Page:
Since you can’t measure your free and total SO₂, let’s do some numbers to see what kind of a potential problem you might be facing. First off, let’s talk about your bottle-rinsing
Winemaking is always a learning process and even those of us that have been doing this for a long time still learn a lot every harvest and all year-round! However, that being
Wow, looks like you’ve got a serious case of “Ring Around the Carboy.” Thanks for sending in the picture, I always love it when readers do that because, especially in cases like
What is the best way to store oak barrels that don’t have wine in them? Get the answer from the Wine Wizard, as well as her advice for a case of oversulfited wine, removing white film from a glass carboy, and five tips for a rookie winemaker.
Well, the first thing I always say is, “A full barrel is a happy barrel.” That means that the barrel is best stored with wine in it! The acidity of the wine
For those readers who are not familiar with the article referenced, I talk about how it was likely a reader’s malolactic fermentation would pick back up again when the weather warmed up
Indeed, after using most fining agents there will be a layer of sediment generated and you’ll need to rack the wine off of it accordingly. Fining agents, by definition, are introduced into
As I explain in my book, The Winemaker’s Answer Book, oxygen can be a friend of wine (especially during active primary fermentation) but is more often its enemy. One of the biggest
Get some pointers and considerations a winemaker needs to keep in mind when topping off your aging wine vessels. The Wizard also answers questions on fining agents and malolactic fermentation after cold stabilizing a wine.
If you’ve got a carbonation setup at home that you use for your homebrew, cider, mead, or kombucha, you certainly can fizzy up some wine products for yourself. I like your idea
Ah yes, the classic “I sunk a bunch of pennies in my carboy” tale. Forgetting for a moment that modern pennies contain very little copper, there’s a reason that most winemakers I
That is a great question and I’m really glad you asked. Sometimes when those of us who have been making wines for quite some time write about some technique, process, or concept
Excluding oxygen by gassing headspaces and purging containers is one of the most important winemaking jobs we have. Oxygen exposure during aging can create all sorts of problems from premature oxidation and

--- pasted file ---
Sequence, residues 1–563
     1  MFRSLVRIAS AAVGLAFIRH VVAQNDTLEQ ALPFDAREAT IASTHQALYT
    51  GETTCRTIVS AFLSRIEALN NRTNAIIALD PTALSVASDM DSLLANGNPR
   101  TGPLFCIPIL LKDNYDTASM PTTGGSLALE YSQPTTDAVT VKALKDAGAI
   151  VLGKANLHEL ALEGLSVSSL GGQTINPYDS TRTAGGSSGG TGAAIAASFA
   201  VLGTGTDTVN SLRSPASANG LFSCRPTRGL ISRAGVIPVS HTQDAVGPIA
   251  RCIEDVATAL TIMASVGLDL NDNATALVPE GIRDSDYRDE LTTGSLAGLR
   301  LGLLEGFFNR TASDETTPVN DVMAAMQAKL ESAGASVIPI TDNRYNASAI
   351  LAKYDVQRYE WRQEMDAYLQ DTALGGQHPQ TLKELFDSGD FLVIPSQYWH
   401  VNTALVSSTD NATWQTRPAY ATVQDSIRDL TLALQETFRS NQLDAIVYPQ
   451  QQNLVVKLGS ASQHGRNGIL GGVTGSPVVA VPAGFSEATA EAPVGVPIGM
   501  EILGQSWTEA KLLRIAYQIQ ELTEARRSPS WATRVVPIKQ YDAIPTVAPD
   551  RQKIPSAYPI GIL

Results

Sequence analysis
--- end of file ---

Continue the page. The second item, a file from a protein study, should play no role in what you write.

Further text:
Oxidation is one of the most common faults among homemade wines. The Wiz has some tips for minimizing exposure during racking along with advice for how to read fermentation temperature, reducing reductive stink with copper, and carbonating a dessert wine.
Not everyone loves a buttery Chardonnay but for those that seek out this characteristic the Wine Wizard has some sage fermentation advice to achieve buttery bliss. Also, one reader wonders about adding pectic enzymes in a red wine and another is perplexed by the numbers in his recently purchased juice.
Well, your grape or juice source really put you in a bind. Those are some of the most unbalanced initial numbers I’ve ever seen, and I would seriously consider getting your juice
To quote one of my vineyard colleagues who always likes to give multiple sides to every answer, “It depends” (thanks, Rich). And so it is with pectic enzymes in winemaking. Pectic enzymes
Indeed, that flavor you’re after is primarily caused by the malolactic bacteria, which impart that buttery, dairy, or creamy taste in many Chardonnays. This is because these bacteria, depending on the strain,
Q I’ve heard that a lot of wineries are using ozone for their sanitation programs. I make about ten barrels of wine a year — should I buy an ozonator machine? Bernice
Q I have been making wine at home for the past five years and my friends tell me I am pretty good! They like my wine and I thought about starting to
I always think it’s wonderful when people can do a “natural” cold stabilization over the winter months. It’s an incredibly intuitive and very old-fashioned, non-interventionist way to accomplish a key winemaking task.
Winemakers typically add sorbate (aka sorbic acid, often purchased as potassium sorbate) when they want to bottle a wine with a little residual sugar. It is often added right before backsweetening and
A Sadly, blending VA levels downward remains the only option available for reducing VA content in small lots. Larger commercial wineries, with big lots and bigger pocketbooks, can afford the expense of
Don’t worry, it’s happened to the best of us! If you can, check your pH and your VA (volatile acidity) to try to get a handle on whether or not this air